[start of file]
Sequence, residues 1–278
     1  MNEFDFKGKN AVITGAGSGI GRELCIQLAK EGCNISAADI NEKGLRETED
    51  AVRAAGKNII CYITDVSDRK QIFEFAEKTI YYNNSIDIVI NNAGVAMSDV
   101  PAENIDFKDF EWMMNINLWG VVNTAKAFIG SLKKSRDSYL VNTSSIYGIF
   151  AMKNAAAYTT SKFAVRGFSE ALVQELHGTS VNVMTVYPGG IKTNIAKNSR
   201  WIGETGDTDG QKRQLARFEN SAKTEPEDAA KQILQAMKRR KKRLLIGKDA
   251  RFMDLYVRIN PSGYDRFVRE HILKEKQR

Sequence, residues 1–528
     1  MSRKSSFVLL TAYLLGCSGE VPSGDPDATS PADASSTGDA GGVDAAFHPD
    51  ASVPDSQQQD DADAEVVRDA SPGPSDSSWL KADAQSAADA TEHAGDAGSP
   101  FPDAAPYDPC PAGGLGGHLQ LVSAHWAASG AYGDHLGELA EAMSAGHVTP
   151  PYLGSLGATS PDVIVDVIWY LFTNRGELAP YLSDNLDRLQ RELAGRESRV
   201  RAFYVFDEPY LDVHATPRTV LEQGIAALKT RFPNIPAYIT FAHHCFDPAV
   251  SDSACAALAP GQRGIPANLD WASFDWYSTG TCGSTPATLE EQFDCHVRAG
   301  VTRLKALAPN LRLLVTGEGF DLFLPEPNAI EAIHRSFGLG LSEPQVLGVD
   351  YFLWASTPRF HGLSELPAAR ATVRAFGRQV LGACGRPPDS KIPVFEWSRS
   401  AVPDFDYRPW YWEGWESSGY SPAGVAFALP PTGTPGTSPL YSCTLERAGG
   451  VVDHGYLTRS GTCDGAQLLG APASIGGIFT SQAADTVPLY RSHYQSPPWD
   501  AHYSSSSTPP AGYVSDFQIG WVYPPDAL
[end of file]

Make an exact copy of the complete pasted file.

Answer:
Sequence, residues 1–278
     1  MNEFDFKGKN AVITGAGSGI GRELCIQLAK EGCNISAADI NEKGLRETED
    51  AVRAAGKNII CYITDVSDRK QIFEFAEKTI YYNNSIDIVI NNAGVAMSDV
   101  PAENIDFKDF EWMMNINLWG VVNTAKAFIG SLKKSRDSYL VNTSSIYGIF
   151  AMKNAAAYTT SKFAVRGFSE ALVQELHGTS VNVMTVYPGG IKTNIAKNSR
   201  WIGETGDTDG QKRQLARFEN SAKTEPEDAA KQILQAMKRR KKRLLIGKDA
   251  RFMDLYVRIN PSGYDRFVRE HILKEKQR

Sequence, residues 1–528
     1  MSRKSSFVLL TAYLLGCSGE VPSGDPDATS PADASSTGDA GGVDAAFHPD
    51  ASVPDSQQQD DADAEVVRDA SPGPSDSSWL KADAQSAADA TEHAGDAGSP
   101  FPDAAPYDPC PAGGLGGHLQ LVSAHWAASG AYGDHLGELA EAMSAGHVTP
   151  PYLGSLGATS PDVIVDVIWY LFTNRGELAP YLSDNLDRLQ RELAGRESRV
   201  RAFYVFDEPY LDVHATPRTV LEQGIAALKT RFPNIPAYIT FAHHCFDPAV
   251  SDSACAALAP GQRGIPANLD WASFDWYSTG TCGSTPATLE EQFDCHVRAG
   301  VTRLKALAPN LRLLVTGEGF DLFLPEPNAI EAIHRSFGLG LSEPQVLGVD
   351  YFLWASTPRF HGLSELPAAR ATVRAFGRQV LGACGRPPDS KIPVFEWSRS
   401  AVPDFDYRPW YWEGWESSGY SPAGVAFALP PTGTPGTSPL YSCTLERAGG
   451  VVDHGYLTRS GTCDGAQLLG APASIGGIFT SQAADTVPLY RSHYQSPPWD
   501  AHYSSSSTPP AGYVSDFQIG WVYPPDAL